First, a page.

Archive for the ‘deer’ Category

Beauty in Homesteading

Saturday, October 4th, 2008

We’ve learned over the past year that homesteading can be a lot of hard work. Even though it’s very rewarding work, it can be physically demanding – and it seems that it never ends. There’s always a list a mile long that needs to be accomplished. Just when summer is coming to an end, it’s time to gear up for colder weather. Clean the chimneys, cut, split, and stack firewood, winterize the chicken coop, prepare the garden for winter…. and the list goes on and on.

This morning is a crisp, chilly morning. We started it at 5:30AM. I grabbed a cup of coffee and Bernie got a fire going in the fireplace. I am not a fan of cold weather, but fall brings a beauty all of its own and I enjoy sitting in front of a nice, warm fire.

Just as dawn had broken, we noticed a young buck in the backyard. We see doe in our yard daily, as many as 10 or 11 at a time, but we rarely see a buck. I managed to snap a picture of him through a window:


He’s a handsome young buck, isn’t he? We’ve seen another coming around recently. He’s very easy to identify because one of his antlers is either deformed or broken. He hasn’t gotten close enough for us to really determine. This is a new buck that wandered up this morning. I’m pretty sure we’ve not seen him before. I wonder if these bucks will come back to visit so we can watch as they grow into strong and powerful bucks?

We left the “city life” just over a year ago – and we’ve never looked back. We work around our homestead daily and we live with purpose now, more than ever before. Yes, it can be hard work. But there is a beauty in homesteading that can’t be experienced outside of living it. That beauty is in what we see, what we experience, and how we live.

I’m not sure if homesteading is a part of us, or we are a part of it. I simply know the beauty of it is all encompassing and leaves me with a sense of peace and well being. In “these times”, that alone would make our journey into homesteading worth it.

Bee Free,

Oh Deer, That’s Good!

Sunday, April 20th, 2008

We’ve got the Chicken Coop DeVille building pretty much complete – minus trim, chicken door, nest boxes, roost, and fenced in chicken yard. We still have a little work ahead of us, but the lion’s share of it is finished. You can check out the pictures on the website.

Yesterday, after we finished working on the coop, we spent some time walking around the yard and enjoying the wildflowers and trees that are just starting to bloom here. I found a crab apple tree in bloom. Most of the blooms are up high, but I found one at just the right height for me to get this picture:


It was such a pretty little bloom, and I spent quite some time studying it. Which is a good thing, because this morning I looked out the back window and saw this:


Look at how calm and sweet those girls look. Look at how…. wait. What is that one on the right, in the back doing? Why is her head so far up? It looks like she’s…..


Ugh. Yep – she’s eating a crab apple bloom. The one, single crab apple bloom I could actually reach and see. We went out a few minutes ago, and this is what’s left:


*Sigh*. It’s hard to be too upset about that though. It’s a wild crab apple and I’m sure that deer was quite happy to find it. Living with nature means accepting nature as it is. We chose this exact location for many reasons, and one of those reasons was the amazing range of wildlife that calls this homestead their home. We’re learning to live with the wildlife. We’ll do what we can to protect the food we raise for ourselves, and part of that includes planting extra food for those inevitable times when one of those furry little buggers sneaks past our efforts and finds the bonanza of tasty vegetables. We’ll all get this figured out eventually.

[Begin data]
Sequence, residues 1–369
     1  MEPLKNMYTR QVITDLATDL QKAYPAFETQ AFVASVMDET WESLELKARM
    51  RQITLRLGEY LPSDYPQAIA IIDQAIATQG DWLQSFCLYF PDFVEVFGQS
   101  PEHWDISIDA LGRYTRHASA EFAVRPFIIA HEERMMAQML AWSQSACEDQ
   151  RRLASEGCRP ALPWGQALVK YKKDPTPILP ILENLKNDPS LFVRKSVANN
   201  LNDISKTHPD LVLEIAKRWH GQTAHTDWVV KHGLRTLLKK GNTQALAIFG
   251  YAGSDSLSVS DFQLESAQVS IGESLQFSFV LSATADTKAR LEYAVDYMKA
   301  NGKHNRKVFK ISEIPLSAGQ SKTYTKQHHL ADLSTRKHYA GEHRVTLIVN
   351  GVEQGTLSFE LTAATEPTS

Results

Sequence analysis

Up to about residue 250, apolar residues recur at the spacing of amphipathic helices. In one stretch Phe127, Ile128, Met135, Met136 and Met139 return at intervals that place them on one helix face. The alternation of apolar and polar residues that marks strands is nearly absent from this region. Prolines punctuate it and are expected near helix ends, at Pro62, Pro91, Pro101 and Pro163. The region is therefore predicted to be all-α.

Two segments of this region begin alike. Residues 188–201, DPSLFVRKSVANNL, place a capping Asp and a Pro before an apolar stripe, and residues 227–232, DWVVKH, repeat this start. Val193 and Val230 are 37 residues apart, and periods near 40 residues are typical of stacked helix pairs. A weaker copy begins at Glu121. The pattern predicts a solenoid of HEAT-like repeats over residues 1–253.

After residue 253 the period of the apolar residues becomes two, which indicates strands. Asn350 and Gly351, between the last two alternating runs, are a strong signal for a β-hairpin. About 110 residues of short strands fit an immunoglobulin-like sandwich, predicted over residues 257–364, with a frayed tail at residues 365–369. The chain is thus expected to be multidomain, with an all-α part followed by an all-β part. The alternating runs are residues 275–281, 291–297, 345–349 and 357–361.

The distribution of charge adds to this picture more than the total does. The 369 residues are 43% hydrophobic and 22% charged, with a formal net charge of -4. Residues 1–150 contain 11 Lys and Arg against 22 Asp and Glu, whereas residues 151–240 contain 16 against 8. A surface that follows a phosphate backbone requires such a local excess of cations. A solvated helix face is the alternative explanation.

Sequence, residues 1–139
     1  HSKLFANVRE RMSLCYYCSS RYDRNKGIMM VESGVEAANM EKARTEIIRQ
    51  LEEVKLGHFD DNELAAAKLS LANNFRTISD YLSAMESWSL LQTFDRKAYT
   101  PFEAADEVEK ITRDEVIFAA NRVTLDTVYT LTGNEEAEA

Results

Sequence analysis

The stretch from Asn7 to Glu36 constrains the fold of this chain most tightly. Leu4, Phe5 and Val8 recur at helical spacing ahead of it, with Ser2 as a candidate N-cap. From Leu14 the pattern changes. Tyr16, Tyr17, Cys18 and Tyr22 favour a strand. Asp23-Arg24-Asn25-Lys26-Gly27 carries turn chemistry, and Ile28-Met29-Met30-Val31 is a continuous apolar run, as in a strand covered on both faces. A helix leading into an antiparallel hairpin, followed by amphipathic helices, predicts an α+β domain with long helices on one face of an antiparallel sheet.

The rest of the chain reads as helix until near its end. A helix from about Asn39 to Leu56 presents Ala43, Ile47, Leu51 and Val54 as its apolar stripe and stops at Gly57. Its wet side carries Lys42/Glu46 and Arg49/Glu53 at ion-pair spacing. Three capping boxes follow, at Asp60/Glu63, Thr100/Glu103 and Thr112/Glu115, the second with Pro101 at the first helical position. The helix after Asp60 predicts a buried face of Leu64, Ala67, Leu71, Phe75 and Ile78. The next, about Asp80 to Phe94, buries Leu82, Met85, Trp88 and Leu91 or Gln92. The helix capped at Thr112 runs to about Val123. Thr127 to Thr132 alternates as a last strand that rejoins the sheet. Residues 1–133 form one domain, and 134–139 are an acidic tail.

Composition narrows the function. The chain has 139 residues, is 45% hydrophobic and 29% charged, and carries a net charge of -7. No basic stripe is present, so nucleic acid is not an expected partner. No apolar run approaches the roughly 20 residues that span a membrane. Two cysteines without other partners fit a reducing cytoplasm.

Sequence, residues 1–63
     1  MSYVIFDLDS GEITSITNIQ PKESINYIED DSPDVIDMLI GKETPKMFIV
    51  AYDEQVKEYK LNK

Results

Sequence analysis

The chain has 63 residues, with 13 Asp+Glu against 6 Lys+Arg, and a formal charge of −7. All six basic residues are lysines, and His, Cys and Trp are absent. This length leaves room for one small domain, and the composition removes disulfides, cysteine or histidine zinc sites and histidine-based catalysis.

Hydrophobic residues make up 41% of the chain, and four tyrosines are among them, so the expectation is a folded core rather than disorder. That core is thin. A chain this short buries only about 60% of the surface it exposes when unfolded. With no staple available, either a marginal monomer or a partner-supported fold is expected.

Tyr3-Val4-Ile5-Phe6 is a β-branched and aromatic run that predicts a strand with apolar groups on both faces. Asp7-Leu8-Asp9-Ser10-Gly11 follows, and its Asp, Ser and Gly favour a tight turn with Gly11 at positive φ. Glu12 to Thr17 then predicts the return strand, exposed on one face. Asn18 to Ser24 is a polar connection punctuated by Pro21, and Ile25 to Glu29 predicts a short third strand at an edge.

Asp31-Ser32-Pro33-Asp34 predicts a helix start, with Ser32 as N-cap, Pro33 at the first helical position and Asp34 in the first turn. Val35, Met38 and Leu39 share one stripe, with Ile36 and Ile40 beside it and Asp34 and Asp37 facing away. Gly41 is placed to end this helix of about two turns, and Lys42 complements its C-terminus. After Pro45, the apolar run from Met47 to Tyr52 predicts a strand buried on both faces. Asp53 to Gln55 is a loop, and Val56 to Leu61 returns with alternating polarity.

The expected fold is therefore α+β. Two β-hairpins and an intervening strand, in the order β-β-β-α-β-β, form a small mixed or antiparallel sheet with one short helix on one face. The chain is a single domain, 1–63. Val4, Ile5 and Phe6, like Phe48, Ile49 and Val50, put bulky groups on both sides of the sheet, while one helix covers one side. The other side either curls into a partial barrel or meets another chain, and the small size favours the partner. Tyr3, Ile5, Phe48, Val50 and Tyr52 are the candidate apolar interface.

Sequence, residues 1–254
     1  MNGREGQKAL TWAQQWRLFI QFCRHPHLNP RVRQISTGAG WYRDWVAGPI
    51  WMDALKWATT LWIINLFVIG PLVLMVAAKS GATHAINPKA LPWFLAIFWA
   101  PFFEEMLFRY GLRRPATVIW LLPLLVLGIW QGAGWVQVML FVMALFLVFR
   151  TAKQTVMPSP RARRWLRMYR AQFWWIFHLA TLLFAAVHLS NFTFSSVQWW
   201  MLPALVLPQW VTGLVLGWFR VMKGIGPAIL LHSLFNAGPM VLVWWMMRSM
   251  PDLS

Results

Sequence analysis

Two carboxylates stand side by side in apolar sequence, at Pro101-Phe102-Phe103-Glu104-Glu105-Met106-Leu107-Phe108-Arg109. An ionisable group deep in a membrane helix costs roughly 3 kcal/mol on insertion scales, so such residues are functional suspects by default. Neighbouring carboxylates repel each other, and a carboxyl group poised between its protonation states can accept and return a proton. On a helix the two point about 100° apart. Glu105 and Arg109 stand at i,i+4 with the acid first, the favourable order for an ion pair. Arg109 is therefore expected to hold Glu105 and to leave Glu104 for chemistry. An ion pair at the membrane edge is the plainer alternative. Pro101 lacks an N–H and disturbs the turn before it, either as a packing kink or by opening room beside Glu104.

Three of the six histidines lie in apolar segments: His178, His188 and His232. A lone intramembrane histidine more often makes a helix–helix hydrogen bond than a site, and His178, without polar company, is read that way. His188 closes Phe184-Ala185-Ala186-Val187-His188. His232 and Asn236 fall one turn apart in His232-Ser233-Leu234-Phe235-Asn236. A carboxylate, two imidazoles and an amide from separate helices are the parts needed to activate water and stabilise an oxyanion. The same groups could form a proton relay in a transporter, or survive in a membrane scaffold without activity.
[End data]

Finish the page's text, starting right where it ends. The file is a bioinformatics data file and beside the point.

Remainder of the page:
Several of you have asked if I will be willing/able to butcher any of these chickens for our meals. Let me first say, I am getting these chickens to be pets, and I am extremely hopeful that they will show their appreciation of being pampered by rewarding us with eggs. Having said that, I also understand the basics and necessity of practicing good flock management. While my primary purpose is having these chickens as pets, we really can’t afford to feed a bunch of pets that serve no purpose at all. Mean chickens/roosters should be culled. Non-layers should be culled. You will notice that I said “should”.

A couple of you asked if I have ever killed a chicken in the past, and I said no. But the truth is that I have killed a chicken before. It was such a traumatic experience, I think I temporarily blocked it from my memory.

Many years ago, my parents had a rooster named Roy. Roy was the meanest rooster on the face of the planet. I hated that rooster – and that rooster hated me. In all fairness, everyone hated that rooster – and that rooster hated everyone. My parents kept him in a large fenced in area and, while it kept him from viciously attacking anything that moved in the yard, it did not keep him from trying to get at us through the fence. Well, one day Roy managed to get out of the fence. And my parents’ little terrier, RJ, finally got back at Roy for all the tormenting through the fence. My mother and I were the only two at the house that day, and when we heard all the commotion, we ran into the back yard to find that RJ had all but killed Roy. Roy was a bloody mess of rooster feathers. He could not get up and he was certainly dying. My mother said “We’ve got to kill him and put him out of his misery.” I completely agreed. “How are you going to do it?”, I asked. The look in her eyes explained everything. By “we”, my mother meant “me”. She told me where to find an axe, and then stood behind me as I sent Roy Rooster off to his certain reign in Rooster Hades.

As much as I hated Roy, I hated killing him even more. It was very unpleasant, to say the least. I will spare you the gory details, but if you’ve ever chopped off the head of a chicken, you understand just how unpleasant that experience can be. There is a fair amount of flopping and kicking involved – and all of it occurs AFTER the head is detached from the body.

So CAN I kill a chicken? The answer is apparently “yes”. WILL I kill any of these chickens? I guess we’ll have to wait and see.

A friend told Bernie we could make some great chicken noodle soup out of these chickens. Bernie told him he didn’t know if I would be able to kill any of these chickens. His friend said “Well, I guess she better learn how to make the noodles then.”

Bee Free,

Oh Deer!

Monday, October 1st, 2007

It’s that time of year, and the deer are really starting to move on the homestead. We could barely look out a window today without seeing a deer or two. Last night we saw two bucks lock horns on the side of the house. They are truly fascinating and beautiful creatures.